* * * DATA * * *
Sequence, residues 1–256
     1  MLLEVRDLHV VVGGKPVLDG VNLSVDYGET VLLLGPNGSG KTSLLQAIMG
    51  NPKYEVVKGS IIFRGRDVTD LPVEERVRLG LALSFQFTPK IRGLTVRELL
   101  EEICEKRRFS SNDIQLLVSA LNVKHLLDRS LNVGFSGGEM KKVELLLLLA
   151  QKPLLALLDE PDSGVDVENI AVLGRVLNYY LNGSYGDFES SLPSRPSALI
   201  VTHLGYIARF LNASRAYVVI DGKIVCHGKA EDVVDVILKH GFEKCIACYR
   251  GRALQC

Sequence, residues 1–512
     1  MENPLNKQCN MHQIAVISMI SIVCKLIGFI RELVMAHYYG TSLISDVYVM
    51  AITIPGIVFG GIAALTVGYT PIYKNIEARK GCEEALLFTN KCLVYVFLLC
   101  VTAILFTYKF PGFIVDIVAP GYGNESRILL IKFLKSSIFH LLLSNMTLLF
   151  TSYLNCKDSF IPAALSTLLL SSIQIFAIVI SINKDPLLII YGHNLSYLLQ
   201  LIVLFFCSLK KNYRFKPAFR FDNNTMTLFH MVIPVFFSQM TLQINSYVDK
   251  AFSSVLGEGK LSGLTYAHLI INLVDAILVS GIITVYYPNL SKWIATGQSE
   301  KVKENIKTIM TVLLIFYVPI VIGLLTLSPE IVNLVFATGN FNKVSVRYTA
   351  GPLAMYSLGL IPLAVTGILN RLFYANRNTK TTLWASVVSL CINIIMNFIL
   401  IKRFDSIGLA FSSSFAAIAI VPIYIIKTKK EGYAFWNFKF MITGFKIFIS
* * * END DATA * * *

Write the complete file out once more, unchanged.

Sequence, residues 1–256
     1  MLLEVRDLHV VVGGKPVLDG VNLSVDYGET VLLLGPNGSG KTSLLQAIMG
    51  NPKYEVVKGS IIFRGRDVTD LPVEERVRLG LALSFQFTPK IRGLTVRELL
   101  EEICEKRRFS SNDIQLLVSA LNVKHLLDRS LNVGFSGGEM KKVELLLLLA
   151  QKPLLALLDE PDSGVDVENI AVLGRVLNYY LNGSYGDFES SLPSRPSALI
   201  VTHLGYIARF LNASRAYVVI DGKIVCHGKA EDVVDVILKH GFEKCIACYR
   251  GRALQC

Sequence, residues 1–512
     1  MENPLNKQCN MHQIAVISMI SIVCKLIGFI RELVMAHYYG TSLISDVYVM
    51  AITIPGIVFG GIAALTVGYT PIYKNIEARK GCEEALLFTN KCLVYVFLLC
   101  VTAILFTYKF PGFIVDIVAP GYGNESRILL IKFLKSSIFH LLLSNMTLLF
   151  TSYLNCKDSF IPAALSTLLL SSIQIFAIVI SINKDPLLII YGHNLSYLLQ
   201  LIVLFFCSLK KNYRFKPAFR FDNNTMTLFH MVIPVFFSQM TLQINSYVDK
   251  AFSSVLGEGK LSGLTYAHLI INLVDAILVS GIITVYYPNL SKWIATGQSE
   301  KVKENIKTIM TVLLIFYVPI VIGLLTLSPE IVNLVFATGN FNKVSVRYTA
   351  GPLAMYSLGL IPLAVTGILN RLFYANRNTK TTLWASVVSL CINIIMNFIL
   401  IKRFDSIGLA FSSSFAAIAI VPIYIIKTKK EGYAFWNFKF MITGFKIFIS